Monday, April 23rd, 2018...8:53 pmVictoria

Experimenting with point of view in “My Antonia”

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For my experiment with point of view, I looked at the passage of the story of Pavel and Peter and the discussion of it between Jim and Antonia. Jim recounts how he and Antonia reacted to the story, and how they dealt with it later on, but I thought it would be interesting to change the perspective from Jim to Antonia with these passages:

p. 53-54

“On the way home, when we were lying in the straw, under the jolting and rattling I told Jim as much of the story as I could. What I did not tell him then, I told later; we talked of nothing else for days afterward.”

p. 59

“The loss of his two friends had a depressing effect upon my father. When he was out hunting, he used to go into the empty log house and sit there, brooding. This cabin was his hermitage until the winter snows penned us in our cave. For myself and Jim, the story of the wedding party was never at an end. We did not tell Pavel’s secret to any one, but guarded it jealously- as if the wolves of the Ukraine had gathered that night long ago, and the wedding party been sacrificed, to give us a painful and peculiar pleasure.”

The first passage on pages 53 and 54, if it was coming from Antonia instead of Jim, would give much more of an insight as to her feelings concerning Jim and her confidence in him as a friend. I think up to this point in the story, it is not quite clear that Jim’s fascination and friendship with Antonia is reciprocated in the same way. If she were to narrate this experience that she and Jim had together, I think it would show that she truly wanted to connect with him. It would convey that she was connected to Jim as well: I think someone who was critical of this book might say that Jim’s friendship with Antonia could be partially because of curiosity about people who are different from him, which could be true as well concerning Antonia’s feelings of friendship for Jim, but in my opinion it would be harder for Antonia to trust Jim than it would be for Jim to trust Antonia, due to their family situations. Jim, although new to Nebraska, was born in America and is generally familiar with the area, and is not considered a “foreigner” or someone who is an “outsider” where he lives. Antonia, however, would be viewed under higher scrutiny by the other people living in the town, because of her being an “outsider”. Thus, for her to be so open about her friendship with Jim would be a risk, since people may question her intentions more than Jim’s.

The second passage being in Antonia’s perspective, with her talking about her father while also continuing to describe her and Jim’s shared feelings about the story of Pavel and Peter, would give more insight as to her relationship with her father. It would highlight how she noticed her father’s isolation, and it would show the sadness that she felt regarding seeing her father broken down. This passage would contrast the loneliness she felt concerning her father and the connection she found in Jim. By Antonia saying that she and Jim kept Pavel’s secret to themselves, and told no one else, would signify that Antonia was not simply spending time with Jim because it was expected of her or because he was the only one there, but that she genuinely connected with him as a person.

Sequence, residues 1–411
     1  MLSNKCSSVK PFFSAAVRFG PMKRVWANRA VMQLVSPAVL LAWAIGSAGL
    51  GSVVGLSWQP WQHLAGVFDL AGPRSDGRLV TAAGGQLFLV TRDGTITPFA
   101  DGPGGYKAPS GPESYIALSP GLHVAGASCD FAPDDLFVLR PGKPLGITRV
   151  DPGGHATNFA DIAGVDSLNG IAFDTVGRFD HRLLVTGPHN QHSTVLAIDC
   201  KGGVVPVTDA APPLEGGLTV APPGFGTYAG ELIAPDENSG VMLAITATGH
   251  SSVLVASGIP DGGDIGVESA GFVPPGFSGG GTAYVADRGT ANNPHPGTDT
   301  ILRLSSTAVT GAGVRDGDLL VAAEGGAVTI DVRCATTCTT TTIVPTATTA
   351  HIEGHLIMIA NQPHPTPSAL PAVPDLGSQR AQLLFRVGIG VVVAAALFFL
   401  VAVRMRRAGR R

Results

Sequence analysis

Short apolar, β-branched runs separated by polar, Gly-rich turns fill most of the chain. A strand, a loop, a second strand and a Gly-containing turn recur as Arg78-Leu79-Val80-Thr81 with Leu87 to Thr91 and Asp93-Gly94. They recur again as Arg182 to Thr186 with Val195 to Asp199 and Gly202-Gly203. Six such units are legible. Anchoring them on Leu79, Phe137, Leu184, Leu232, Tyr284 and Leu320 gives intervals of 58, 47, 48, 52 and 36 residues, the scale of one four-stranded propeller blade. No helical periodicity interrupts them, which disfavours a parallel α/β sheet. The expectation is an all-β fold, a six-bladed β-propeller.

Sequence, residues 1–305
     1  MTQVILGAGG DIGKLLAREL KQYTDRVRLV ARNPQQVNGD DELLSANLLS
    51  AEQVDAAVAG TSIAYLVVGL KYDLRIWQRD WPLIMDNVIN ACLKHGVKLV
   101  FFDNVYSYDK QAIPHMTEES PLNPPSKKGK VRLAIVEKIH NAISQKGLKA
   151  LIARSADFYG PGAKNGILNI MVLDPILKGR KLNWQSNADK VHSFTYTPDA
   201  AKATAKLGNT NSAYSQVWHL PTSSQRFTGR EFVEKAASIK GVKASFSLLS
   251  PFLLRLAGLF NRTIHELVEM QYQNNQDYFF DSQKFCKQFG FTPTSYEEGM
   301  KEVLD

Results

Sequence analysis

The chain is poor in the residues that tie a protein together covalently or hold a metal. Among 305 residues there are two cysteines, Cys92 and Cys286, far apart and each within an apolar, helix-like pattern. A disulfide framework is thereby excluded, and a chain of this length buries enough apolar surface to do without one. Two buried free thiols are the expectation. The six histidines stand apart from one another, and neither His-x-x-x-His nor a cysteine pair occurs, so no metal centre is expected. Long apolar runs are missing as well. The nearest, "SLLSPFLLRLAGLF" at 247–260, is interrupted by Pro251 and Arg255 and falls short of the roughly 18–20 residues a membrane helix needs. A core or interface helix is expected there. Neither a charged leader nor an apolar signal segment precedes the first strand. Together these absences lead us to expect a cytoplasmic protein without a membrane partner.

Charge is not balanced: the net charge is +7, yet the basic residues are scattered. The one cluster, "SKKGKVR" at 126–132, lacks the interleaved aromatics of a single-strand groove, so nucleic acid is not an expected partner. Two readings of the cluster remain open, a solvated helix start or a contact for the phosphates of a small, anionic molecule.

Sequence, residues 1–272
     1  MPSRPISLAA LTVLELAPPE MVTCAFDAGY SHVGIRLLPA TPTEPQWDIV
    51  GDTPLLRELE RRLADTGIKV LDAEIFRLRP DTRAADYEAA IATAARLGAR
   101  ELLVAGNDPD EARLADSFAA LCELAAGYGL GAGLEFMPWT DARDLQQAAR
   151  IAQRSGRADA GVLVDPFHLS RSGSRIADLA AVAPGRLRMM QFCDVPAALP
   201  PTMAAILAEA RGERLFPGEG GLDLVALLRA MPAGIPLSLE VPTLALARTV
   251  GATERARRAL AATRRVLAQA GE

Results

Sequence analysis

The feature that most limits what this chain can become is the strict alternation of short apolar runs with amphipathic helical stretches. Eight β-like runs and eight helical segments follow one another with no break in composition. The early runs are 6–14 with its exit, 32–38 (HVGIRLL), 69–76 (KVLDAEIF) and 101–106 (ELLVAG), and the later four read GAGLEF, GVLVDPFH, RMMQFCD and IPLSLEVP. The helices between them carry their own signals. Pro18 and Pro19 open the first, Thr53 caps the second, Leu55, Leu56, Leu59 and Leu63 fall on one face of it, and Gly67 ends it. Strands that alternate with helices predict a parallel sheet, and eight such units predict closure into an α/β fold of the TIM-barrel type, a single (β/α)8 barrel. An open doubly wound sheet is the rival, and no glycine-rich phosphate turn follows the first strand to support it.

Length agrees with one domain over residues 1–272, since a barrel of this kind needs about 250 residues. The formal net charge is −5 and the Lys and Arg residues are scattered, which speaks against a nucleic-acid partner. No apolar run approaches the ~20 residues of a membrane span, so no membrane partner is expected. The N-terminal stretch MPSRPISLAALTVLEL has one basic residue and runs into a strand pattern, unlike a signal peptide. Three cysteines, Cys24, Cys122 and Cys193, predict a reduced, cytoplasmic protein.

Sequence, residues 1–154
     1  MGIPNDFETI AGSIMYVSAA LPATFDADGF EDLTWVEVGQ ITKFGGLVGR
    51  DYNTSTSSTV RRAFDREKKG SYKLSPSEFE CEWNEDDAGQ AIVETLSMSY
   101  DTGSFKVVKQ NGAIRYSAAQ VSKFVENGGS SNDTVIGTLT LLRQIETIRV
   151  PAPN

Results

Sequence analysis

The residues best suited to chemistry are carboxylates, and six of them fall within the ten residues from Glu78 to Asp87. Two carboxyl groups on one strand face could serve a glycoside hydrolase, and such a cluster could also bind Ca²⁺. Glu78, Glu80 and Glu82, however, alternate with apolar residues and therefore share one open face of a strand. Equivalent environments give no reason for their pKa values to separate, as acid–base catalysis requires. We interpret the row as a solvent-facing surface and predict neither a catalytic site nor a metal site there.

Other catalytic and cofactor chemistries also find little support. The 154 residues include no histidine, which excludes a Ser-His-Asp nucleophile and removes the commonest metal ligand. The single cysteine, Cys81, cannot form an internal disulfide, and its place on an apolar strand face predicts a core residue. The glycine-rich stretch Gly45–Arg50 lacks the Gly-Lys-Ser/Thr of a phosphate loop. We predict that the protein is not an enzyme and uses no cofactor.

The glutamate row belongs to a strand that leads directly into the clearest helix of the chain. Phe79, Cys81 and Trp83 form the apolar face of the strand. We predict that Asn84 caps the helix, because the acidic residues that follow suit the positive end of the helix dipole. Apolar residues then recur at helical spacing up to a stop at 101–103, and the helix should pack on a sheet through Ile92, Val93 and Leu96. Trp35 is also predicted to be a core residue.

•   Professor Seiler
    April 24th, 2018 at 8:26 pm

    Victoria: What an empathetic post! I so much appreciate the light your post sheds on how a shift in p.o.v. deepens our understanding not only of whomever one makes the narrator, but also of the interpersonal relationships in _MA_. Well done!

  • The Peter and Pavel story is so layered, and I think moving things into a more sympathetic lens brings out a very different side. For Jim, this story is more “foreign,” and in a strange way thus tied to Antonia’s foreignness as well. I think to move this story to Antonia’s point of view makes it less sensationalized, but also separates her more distinctly from that experience of moving to America.

  • I was quite surprised by your post and had to re-read these excerpts to make sure that in the original version, they came from Jim instead of Antonia. To me, they actually seemed more natural when told from Antonia’s perspective. I was particularly struck by the second passage when you changed Jim’s point of view to Antonia’s to describe Mr. Shimerdas. This move clearly illustrates Antonia’s awareness of her father’s changes, no matter how subtle they were, when he no longer shared Peter and Pavel’ companion. “For myself and Jim, the story of the wedding party was never at an end”: I was especially struck by this sentence. The story of the wedding party did not end for the children, for it was so violent and thrilling to leave any kid’s mind. “The wedding party” also did not end because it left a devastating effect on everyone who heard of, or was a part of it: whether it was the children, the father, or the participants themselves.

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